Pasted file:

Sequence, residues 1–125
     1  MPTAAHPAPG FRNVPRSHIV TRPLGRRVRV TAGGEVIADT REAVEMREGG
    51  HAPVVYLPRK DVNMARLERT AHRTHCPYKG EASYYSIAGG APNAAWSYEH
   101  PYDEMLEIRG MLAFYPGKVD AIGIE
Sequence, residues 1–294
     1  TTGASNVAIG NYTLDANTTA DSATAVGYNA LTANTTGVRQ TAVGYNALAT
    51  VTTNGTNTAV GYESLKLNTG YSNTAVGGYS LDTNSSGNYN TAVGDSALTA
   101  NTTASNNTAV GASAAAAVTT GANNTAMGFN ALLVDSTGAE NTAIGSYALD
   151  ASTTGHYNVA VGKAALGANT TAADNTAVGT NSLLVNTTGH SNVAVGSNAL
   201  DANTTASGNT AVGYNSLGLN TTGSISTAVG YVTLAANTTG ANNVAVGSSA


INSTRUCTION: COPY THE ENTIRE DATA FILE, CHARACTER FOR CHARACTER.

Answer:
Sequence, residues 1–125
     1  MPTAAHPAPG FRNVPRSHIV TRPLGRRVRV TAGGEVIADT REAVEMREGG
    51  HAPVVYLPRK DVNMARLERT AHRTHCPYKG EASYYSIAGG APNAAWSYEH
   101  PYDEMLEIRG MLAFYPGKVD AIGIE
Sequence, residues 1–294
     1  TTGASNVAIG NYTLDANTTA DSATAVGYNA LTANTTGVRQ TAVGYNALAT
    51  VTTNGTNTAV GYESLKLNTG YSNTAVGGYS LDTNSSGNYN TAVGDSALTA
   101  NTTASNNTAV GASAAAAVTT GANNTAMGFN ALLVDSTGAE NTAIGSYALD
   151  ASTTGHYNVA VGKAALGANT TAADNTAVGT NSLLVNTTGH SNVAVGSNAL
   201  DANTTASGNT AVGYNSLGLN TTGSISTAVG YVTLAANTTG ANNVAVGSSA